Easter 7, Year A, 2014
All Saints’ Church
May the words I speak and the words you hear be God’s alone. Amen.
The disciples have had quite a wild ride the past few weeks. First, the triumphal march into Jerusalem, followed by Jesus’ arrest and execution. Then, Jesus is raised and reappears, much to the disciples’ joy and confusion. Jesus has been among them for forty days. Ring any bells? Forty days in the desert at the beginning of his ministry, and then forty days among the disciples at the end of his ministry. Jesus has taught his closest followers as much as he can, and it is time for him to leave.
"When the apostles had come together, they asked Jesus, 'Lord, is this the time when you will restore the kingdom to Israel?' "(Acts 1:1). It cracks me up that even at the end, their last question to Jesus shows that the disciples still don’t get it!! “Guys, don’t worry about the future or when things are gonna happen. I’m leaving, but not for good. I’ll be back, but in the meantime, the Holy Spirit is gonna come down and give you the strength you need to continue where I left off. It’s up to you to tell my story to everyone.”
Then, in one of the most epic leave-takings in all of history, Jesus is lifted up and whisked away on a cloud. Remember the pillar of cloud protecting the Israelites in the wilderness, or the cloud that came and covered Jesus’ face on the mountain top, making his face glow? I imagine this is event is somewhat similar.
The disciples stare up at the sky until they can’t see Jesus anymore. And then they keep on staring, long after he’s gone. At this point, two “men in white robes” (a.k.a. angels) tell the disciples to snap out of it and get to work (v. 10): “Don’t just stand there all slack-jawed and wide-eyed! Relax; Jesus is gonna come back. Now get to it!”
The disciples have found themselves in in-between times, or as some people like to call it, the liminal space. The promise of the Holy Spirit’s power is in their future, but it has not yet arrived. What do the disciples do in the meantime? First they go back to the upper room, their home base. Then, joined by women and Jesus’ mother and brothers, they pray “constantly” (v. 14).
We face these liminal spaces in our own lives. How many of us have felt lost or confused during in-between times? In the process of transition, it can be disorienting; we are no longer fully in our current place but haven’t quite reached the new place either. It’s the same already/not yet that is repeated throughout history. God has defeated the forces of evil for good, but we are still feeling the effects of evil now. Jesus came to earth already, but he has not yet returned. The kingdom of God has already come, but it has not yet been fully realized.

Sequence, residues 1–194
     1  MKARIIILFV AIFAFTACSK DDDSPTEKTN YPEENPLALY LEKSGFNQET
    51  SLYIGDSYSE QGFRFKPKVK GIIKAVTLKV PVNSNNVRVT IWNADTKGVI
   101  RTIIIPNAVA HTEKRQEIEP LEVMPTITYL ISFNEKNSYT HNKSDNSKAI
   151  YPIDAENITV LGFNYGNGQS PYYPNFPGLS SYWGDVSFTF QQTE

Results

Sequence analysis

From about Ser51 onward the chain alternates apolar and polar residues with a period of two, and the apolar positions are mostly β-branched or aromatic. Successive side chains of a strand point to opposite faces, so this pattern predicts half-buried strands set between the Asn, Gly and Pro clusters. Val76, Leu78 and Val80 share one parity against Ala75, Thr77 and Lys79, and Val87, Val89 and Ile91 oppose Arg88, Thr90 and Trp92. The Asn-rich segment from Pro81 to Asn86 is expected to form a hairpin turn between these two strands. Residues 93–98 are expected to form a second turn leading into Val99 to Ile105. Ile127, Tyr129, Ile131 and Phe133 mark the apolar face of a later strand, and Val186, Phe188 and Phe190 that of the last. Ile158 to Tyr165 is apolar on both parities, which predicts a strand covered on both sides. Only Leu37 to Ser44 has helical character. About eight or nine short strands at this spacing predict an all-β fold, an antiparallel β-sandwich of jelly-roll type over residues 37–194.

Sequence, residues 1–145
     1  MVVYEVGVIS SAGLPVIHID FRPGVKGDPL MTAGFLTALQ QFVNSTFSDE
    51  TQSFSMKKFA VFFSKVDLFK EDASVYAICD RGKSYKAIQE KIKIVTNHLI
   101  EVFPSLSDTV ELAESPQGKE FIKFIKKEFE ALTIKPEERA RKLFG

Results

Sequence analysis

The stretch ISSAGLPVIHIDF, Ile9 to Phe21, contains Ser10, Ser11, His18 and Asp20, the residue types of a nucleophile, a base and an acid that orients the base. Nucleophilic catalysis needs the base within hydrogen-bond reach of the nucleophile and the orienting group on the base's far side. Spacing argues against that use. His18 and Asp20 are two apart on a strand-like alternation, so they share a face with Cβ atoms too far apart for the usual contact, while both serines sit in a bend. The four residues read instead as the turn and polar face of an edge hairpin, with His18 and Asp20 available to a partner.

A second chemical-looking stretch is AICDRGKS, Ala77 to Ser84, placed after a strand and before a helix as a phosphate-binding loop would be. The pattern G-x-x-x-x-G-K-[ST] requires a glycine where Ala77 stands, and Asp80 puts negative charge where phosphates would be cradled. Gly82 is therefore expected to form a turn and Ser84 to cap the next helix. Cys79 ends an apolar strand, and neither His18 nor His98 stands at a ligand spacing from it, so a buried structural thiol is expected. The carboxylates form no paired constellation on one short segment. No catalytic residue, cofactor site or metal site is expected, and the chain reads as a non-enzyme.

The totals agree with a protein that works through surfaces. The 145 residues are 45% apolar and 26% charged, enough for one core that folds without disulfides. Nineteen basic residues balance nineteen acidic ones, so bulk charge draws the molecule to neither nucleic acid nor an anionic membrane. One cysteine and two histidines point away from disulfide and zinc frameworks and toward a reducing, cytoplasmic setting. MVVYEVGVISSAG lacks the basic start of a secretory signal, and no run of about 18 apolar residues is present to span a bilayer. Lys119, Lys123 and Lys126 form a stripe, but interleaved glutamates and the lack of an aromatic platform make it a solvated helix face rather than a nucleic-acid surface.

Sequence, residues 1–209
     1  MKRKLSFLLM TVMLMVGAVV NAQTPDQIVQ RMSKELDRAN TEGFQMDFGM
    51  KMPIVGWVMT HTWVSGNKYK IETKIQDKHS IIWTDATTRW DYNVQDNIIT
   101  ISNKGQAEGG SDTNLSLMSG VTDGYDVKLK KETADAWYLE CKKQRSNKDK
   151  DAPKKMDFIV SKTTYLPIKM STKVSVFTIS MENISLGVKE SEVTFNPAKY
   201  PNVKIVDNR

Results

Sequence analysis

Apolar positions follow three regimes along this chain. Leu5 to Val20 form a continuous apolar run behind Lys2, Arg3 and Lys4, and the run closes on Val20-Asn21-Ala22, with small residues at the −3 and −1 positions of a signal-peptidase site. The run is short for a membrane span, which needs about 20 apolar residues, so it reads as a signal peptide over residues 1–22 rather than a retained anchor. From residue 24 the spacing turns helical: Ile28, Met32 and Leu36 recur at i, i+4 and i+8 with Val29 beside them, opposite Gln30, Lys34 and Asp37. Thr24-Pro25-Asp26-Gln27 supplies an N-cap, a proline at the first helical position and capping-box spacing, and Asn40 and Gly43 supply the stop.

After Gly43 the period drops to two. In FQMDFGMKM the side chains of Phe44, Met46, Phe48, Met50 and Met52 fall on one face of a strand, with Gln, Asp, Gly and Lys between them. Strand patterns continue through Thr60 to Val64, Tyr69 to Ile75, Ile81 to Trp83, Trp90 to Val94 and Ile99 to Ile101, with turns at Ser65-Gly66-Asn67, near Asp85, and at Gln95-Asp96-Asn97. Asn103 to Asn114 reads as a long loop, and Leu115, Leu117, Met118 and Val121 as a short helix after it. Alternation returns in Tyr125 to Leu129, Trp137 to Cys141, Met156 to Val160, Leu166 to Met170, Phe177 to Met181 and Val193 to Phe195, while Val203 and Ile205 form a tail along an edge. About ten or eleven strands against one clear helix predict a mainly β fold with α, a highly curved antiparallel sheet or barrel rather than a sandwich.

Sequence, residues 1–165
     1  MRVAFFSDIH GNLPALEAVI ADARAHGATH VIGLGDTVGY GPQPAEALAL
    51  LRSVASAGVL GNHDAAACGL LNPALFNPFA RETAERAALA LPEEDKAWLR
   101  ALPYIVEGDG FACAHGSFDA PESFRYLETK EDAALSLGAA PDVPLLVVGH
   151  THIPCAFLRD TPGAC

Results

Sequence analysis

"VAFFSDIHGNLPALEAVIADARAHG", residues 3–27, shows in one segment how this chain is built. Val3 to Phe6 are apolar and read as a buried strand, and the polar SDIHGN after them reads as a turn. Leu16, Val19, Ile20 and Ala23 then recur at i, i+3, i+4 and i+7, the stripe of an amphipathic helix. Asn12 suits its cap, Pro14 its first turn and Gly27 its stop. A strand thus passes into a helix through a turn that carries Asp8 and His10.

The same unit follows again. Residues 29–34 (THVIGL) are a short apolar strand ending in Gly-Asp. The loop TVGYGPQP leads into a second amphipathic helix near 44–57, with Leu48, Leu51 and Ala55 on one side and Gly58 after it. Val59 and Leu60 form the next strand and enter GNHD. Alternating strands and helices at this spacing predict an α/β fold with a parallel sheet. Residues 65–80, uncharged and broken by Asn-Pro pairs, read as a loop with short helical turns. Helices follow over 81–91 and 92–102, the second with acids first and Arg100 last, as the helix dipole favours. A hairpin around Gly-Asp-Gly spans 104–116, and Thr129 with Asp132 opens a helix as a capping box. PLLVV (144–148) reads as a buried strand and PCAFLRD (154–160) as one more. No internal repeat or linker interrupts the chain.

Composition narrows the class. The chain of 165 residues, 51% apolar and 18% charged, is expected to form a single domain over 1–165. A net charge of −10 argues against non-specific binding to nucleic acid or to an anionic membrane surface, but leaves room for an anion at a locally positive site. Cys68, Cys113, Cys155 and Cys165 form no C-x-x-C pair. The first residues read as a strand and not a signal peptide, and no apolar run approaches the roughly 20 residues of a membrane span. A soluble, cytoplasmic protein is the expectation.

In the face of these contradictory realities, we are given a choice: we can gaze longingly at the sky like the disciples, clinging desperately to the past and the way things have been, or we can turn our faces toward Jerusalem, bravely taking the first tentative steps of the journey ahead.
The disciples show us that prayer is an entry point for the Holy Spirit. The Holy Spirit is the giver of life, the one who provides the prophets with their compelling words. Next week we’ll hear how the Holy Spirit empowers the disciples to spread the Gospel “to the ends of the earth” (v. 8).
The disciples may have to wait, but the Holy Spirit is already among us. At our baptism, we are baptized into “new life in the Holy Spirit” (BCP 858). We invoke the Holy Spirit during confirmations and ordinations. And it is the Holy Spirit that helps us to discern where God is calling us.
What the disciples are teaching us in Acts is how to make the most of the time that we’re given. If you think about it, our whole lives are one big liminal space. One author puts it best with this subtitle: “I live in that awkward stage between Birth and Death” (Full Bloom by Mark T. Green). We are given a finite amount of time on this earth, and it’s up to us to make the most of the time we have. It may sound daunting, but remember that we are not alone. Besides each other, we have the guidance of the Holy Spirit. Now that doesn’t mean that we will all of a sudden become clairvoyant, knowing all the right answers and predicting the world’s end—we, like Harold Camping (see song about him below), are not privy to that knowledge. But it does mean that God will be with us as we make our way through life. When we are reunited with estranged loved ones, God celebrates with us. When we say our final goodbyes to a dear friend, God mourns with us. The God who loved us so completely that he took on our sin and died for us, conquering death once and for all, did not abandon his disciples. God will not abandon us now.
image found here
Audio of Nickel Creek's song "21st of May" (about Harold Camping) found here